The recently released Lost Coast episode of Half-Life 2 has upgraded the Source engine to allow High Dynamic Range (HDR) rendering, which provides a variety of special image-enhancing effects. The additional effects required Valve to raise the minimum system requirements for entry.
Valve's implementation of HDR incorporates blooming, along with enhanced HDR water reflection/refraction, HDR refraction (light), HDR skybox, HDR cube maps, HDR light maps and exposure control.
Half-Life 2: Lost Coast Test Settings
Two individual demos were created within the Lost Coast episode to examine how the MSI NX7800GT performs with HDR effects in the Source engine. A short demo at the start of the level examines the water reflection and refraction effects and the improved skybox and exposure control. The second demo commences within the dimly-lit Monastery and ends with the Helicopter attack, which tests the blooming effect, refraction, cube and light maps, and lastly, exposure control.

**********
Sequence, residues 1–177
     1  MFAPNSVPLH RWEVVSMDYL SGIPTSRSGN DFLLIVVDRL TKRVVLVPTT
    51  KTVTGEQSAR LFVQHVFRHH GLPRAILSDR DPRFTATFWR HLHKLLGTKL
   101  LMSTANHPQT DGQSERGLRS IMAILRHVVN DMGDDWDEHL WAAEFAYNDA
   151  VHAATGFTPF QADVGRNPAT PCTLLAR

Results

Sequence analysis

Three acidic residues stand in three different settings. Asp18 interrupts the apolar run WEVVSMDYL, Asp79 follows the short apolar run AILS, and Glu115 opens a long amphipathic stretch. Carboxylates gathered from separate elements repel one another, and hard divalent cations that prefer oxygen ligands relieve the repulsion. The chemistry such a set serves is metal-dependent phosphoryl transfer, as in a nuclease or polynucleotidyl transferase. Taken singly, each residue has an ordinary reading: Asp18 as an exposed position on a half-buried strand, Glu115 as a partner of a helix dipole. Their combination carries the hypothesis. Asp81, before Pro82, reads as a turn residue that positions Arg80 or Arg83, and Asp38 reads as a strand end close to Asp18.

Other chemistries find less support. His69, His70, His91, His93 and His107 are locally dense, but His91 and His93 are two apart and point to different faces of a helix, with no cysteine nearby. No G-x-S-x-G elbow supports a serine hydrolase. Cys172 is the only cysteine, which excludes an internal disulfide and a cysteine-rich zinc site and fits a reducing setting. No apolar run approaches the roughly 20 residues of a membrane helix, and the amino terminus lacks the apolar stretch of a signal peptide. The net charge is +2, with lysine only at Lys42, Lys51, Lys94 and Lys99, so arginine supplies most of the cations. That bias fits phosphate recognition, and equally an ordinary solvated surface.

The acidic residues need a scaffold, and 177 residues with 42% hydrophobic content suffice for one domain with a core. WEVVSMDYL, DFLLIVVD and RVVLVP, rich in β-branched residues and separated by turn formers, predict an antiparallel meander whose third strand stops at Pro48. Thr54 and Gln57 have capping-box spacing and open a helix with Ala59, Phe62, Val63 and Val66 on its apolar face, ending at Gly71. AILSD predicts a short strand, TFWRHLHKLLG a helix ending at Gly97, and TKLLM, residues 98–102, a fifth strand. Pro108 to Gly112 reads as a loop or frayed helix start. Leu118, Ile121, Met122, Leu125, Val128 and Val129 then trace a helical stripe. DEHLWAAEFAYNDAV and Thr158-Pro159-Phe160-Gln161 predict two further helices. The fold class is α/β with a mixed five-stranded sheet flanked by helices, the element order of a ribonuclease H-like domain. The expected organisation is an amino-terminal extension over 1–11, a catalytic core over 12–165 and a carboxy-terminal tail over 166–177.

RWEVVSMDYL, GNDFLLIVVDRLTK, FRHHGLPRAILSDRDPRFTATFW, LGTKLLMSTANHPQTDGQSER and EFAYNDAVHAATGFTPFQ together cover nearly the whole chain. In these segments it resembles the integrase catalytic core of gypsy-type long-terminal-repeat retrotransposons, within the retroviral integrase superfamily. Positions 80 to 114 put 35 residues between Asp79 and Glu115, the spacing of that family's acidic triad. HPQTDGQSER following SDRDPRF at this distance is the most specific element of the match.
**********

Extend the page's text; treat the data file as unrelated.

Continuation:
Half Life 2: Lost Coast - nv_rocks Test Results
This scene taxes shader performance and the NX7800GT is able to handle both the 1024x768 and 1280x960 resolutions without much of an impact. At 1600x1200, the frame rate can drop to the low 20's where the animation may stutter during movement.
Half Life 2: Lost Coast - nv_monastery Test Results
As expected, indoor areas proved to be less taxing on the NX7800GT as performance improved over the first timedemo sequence. The battle within the monastery at the top of the cliff is a spectacular event with HDR graphical effects - especially the lighting-related elements, which impact what the player can see within the arena. Again, increasing the resolution to 1600x1200 may be a bit too high for a single graphics card solution for the demanding player.
The overclocked scores paint a slightly different picture as the increased speed provide up to 7 more frames per second.